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raptures raptures

On Sunday 7 March 2010 - a few of us daring souls responded to the call to adventure - the first frontrunner "expedition". We met under the Aravalli bio diversity park sign - I knew then that we were onto something and somewhere good. It was a natural fit for frontrunners.
 
The park is beautiful - a haven for peacocks and partridges, peace and quiet and wonderful ridge views - just here in the heart of south Delhi. The start was tough - uphill and and onward to the top of the ridge valley. Our wonderful host had researched much about this area - we learnt that we were climbing the foothills of the Aravalli mountain range. Hard to believe it felt so  remote - when so close to Priya market. The sunset light was magnificent as we admired the lush foliage, the twisting path and a couple of small discreet temples.
 
My favourite viewing spot was the highest point as you cross over the ridge valley - with the dense jungle floor - more Indiana Jones than Vasant Vihar. Raptures were exclaimed as we passed some beautiful rocks and exquisite wooden fencing - which was critiqued more as living art than functional animal control.  It was made entirely of hundreds of dried, slim and uniquely shaped tree branches!  Three horizontal rows hoisted on vertical branches dug deep into the ground.  A carcass of trees, guarding their greens fiercely.

South Delhi's posh locality, Vasant Vihar makes a skyline of pucca houses, what are also called Kothiyaan.  Just as we ended the run we saw a skyline very different from the rest of Vasant Vihar.  It was a skyline of shacks, smaller houses, that seemed to be floating on a sea of garbage.  A skyline of poverty right next to a skyline of prosperity.  A single panoramic view that captured so well a rather mundane contradiction - of life in Delhi.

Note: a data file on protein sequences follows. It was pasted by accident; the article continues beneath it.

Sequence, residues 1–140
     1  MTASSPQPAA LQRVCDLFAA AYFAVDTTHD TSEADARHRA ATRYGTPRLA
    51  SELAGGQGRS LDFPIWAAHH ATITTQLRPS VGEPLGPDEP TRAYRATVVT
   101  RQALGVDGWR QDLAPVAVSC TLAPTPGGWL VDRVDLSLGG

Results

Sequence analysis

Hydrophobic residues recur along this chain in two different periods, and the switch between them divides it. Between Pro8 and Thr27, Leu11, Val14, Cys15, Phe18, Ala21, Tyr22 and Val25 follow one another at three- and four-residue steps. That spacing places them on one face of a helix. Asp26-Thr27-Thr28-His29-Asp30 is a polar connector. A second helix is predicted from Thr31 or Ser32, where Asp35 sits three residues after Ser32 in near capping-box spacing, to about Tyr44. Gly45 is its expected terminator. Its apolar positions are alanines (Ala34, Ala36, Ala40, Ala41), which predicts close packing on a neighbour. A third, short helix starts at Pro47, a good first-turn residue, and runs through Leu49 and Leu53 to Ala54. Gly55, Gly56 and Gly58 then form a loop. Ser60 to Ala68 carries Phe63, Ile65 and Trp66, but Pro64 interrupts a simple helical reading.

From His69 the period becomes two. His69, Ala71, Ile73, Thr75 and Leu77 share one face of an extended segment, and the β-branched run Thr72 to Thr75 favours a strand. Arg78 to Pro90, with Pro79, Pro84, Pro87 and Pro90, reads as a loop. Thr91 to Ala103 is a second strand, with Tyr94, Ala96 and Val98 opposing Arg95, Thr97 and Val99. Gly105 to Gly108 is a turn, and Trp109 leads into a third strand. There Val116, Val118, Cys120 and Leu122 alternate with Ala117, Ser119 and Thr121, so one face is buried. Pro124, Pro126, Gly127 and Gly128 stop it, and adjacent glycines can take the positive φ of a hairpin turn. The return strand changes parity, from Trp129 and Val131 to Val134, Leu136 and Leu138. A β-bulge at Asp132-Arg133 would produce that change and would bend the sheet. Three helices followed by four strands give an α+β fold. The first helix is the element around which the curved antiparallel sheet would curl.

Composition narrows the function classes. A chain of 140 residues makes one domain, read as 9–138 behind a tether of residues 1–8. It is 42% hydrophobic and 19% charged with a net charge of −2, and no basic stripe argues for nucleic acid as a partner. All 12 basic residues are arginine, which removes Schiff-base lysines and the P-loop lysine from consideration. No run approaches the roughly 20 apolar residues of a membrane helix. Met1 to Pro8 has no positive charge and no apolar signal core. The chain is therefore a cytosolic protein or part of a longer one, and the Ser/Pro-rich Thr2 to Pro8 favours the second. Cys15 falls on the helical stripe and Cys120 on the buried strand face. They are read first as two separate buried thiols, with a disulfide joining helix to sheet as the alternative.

Frontrunners did themselves proud - and even made friends with some locals.  We learnt from them that Vasant Vihar has a neighbour by the name of Kusumpur Pahadi.  People heading toward Kusumpur, most likely it's inhabitants, looked very different from those of Vasant Vihar.  This prompted our curiosity and we got chatting with the park's security guard and his friend.  They told us not to go that side as it was not suitable - for us.  "It is full of shit and garbage", one of them said.  Later we found out that Kusumpur Pahadi is a slum area inhabited by more than two lakh migrant families. They mainly comprise domestic workers, labourers, painters and masons.

We had two first timers who made admirable effort in connecting with us.  One of them came of from North Campus, and the other from - even farther - Ghaziabad!  Delighted to have them join us. 

This week we had FrontRunners at two different locations - at the same time!  This happened because two of us went to another park by mistake, but were lucky to find each other.  Two is company, they say.  We say it's a party!

 

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